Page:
Atheist funerals

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The secular magazine The European writes about atheist/secular funerals: "Yet – and it feels like heresy to write this – secular funerals, for all their sincerity, individuality, and mixture of celebration and mourning, lack something... What is missing is the power of ritual repetition.[1] See also: Atheism, rites and rituals

Atheist funeral eulogies

Giles Frasier

British Reverend Giles Fraser, on secular funerals, article in The Guardian:

And it was here, in this, the religious part of the service, that Cilla was not a celebrity standing before an audience, but a human being standing naked before God. There is a basic democracy in this aspect of religion that is often absent from the secular funeral...

In contrast to the religious funeral, the secular memorial service faces one massive problem. What if the deceased didn’t merit the effusive praise of the recently appointed biographer? What if they had done little of note? Or indeed, even more problematically, what if they had been a total sh*t throughout their lives and no one has a good word to say about them? The secular memorial service is generally based on the optimistic idea that the deceased was worthy of some sort of public commendation – which is why the whole idea of a secular memorial service for a paedophile or a mass murderer feels totally impossible. Would people really stand up to laud their achievements? Would people tell funny little stories about them? Of course not. I use this extreme example to make a point. The secular memorial service began as something for important statesmen and was then adopted by the increasingly Godless bourgeoisie as a way of celebrating their personal achievements. But it’s often poorly designed for those of us who are not a part of the great and the good.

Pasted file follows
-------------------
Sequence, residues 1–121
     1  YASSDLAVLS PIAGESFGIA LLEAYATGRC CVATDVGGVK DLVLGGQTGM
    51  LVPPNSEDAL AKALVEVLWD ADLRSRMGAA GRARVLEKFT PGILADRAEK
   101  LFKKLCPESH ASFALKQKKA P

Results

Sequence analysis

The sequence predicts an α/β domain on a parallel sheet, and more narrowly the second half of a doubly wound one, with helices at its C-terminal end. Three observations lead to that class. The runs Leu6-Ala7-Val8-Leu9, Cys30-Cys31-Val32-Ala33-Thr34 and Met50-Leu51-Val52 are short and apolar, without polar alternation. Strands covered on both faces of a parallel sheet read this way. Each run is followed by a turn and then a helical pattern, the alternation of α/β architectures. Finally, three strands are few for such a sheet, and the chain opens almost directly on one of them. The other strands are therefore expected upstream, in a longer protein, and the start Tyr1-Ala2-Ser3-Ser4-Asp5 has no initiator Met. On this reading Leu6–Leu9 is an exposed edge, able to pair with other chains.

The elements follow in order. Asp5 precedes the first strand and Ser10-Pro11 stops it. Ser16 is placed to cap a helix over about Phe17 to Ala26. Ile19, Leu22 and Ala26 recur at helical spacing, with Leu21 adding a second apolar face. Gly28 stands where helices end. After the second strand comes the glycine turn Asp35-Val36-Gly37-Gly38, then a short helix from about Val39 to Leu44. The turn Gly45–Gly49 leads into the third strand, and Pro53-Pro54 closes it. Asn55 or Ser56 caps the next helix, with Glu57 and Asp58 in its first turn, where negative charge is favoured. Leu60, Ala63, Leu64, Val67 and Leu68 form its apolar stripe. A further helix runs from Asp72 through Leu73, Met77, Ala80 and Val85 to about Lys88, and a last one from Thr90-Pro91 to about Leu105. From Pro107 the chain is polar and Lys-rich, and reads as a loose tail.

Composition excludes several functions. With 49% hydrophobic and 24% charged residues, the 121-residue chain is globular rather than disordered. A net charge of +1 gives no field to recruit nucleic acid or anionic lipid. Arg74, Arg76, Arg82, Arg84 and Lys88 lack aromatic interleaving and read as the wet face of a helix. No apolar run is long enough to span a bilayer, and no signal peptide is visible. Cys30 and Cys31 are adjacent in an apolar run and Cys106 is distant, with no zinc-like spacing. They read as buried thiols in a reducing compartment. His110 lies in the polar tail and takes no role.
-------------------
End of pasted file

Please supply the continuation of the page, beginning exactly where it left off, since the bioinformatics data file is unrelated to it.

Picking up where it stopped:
And one unexpected consequence of the rise of the secular memorial service is that funerals are more full of half truths and evasions. Yes, the atheistic mindset is happy that the lie of God has been eliminated. Everything is more honest now, they say. Death is death. No more dressing it up. But things turn out to be far more complicated – for in the secular funeral this so-called lie about God is commonly replaced by another sort of lie, a lie about humanity. Or, at least, a lie about how good this particular person was.[2]

Penelope Nixon, The Guardian, letter to the editor concerning a Guardian article by the Reverend Giles Fraser:

Life tends to be short in east London, so I have attended scores of funerals in my 68 years. Secular funerals are often dominated by those with the loudest voices and the crassest anecdotes. They confuse the function of the funeral with the function of the post-funeral wake.

The one humanist funeral I have attended was well-ordered and polite but had to be followed by religious services for family who found the secular event lacked comfort. I am grateful to the Rev Giles Fraser for being so honest in saying what needed to be said.[3]

See also:

Atheist funeral songs